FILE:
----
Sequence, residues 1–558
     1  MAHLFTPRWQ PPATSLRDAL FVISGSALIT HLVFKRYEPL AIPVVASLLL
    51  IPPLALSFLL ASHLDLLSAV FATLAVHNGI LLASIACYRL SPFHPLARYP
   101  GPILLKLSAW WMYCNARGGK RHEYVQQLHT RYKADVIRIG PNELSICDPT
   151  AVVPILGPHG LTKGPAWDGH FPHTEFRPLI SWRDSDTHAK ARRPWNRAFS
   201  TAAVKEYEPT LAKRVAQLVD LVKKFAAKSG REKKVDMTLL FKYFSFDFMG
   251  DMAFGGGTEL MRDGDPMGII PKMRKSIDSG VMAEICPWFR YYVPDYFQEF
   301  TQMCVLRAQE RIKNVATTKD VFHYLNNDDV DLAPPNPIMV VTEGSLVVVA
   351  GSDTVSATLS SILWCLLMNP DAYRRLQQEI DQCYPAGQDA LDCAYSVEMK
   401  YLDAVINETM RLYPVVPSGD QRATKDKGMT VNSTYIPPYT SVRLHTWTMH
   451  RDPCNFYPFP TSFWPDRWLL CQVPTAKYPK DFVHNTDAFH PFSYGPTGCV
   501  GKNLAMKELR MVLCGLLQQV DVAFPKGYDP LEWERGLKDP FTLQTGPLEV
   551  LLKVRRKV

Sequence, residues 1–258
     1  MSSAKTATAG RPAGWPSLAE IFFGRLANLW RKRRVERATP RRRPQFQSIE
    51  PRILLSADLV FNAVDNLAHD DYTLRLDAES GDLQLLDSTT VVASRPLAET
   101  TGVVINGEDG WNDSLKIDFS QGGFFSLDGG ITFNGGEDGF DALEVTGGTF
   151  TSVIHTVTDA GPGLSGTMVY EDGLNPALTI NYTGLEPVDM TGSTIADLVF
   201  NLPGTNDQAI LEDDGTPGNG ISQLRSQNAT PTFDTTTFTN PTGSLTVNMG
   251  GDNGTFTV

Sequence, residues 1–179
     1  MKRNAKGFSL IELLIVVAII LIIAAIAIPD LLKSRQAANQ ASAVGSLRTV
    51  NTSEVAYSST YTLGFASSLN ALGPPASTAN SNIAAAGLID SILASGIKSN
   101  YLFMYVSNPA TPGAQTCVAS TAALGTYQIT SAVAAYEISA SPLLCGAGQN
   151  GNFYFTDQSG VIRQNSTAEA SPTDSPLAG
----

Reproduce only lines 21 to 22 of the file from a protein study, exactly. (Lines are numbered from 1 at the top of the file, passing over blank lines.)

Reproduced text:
Sequence, residues 1–179
     1  MKRNAKGFSL IELLIVVAII LIIAAIAIPD LLKSRQAANQ ASAVGSLRTV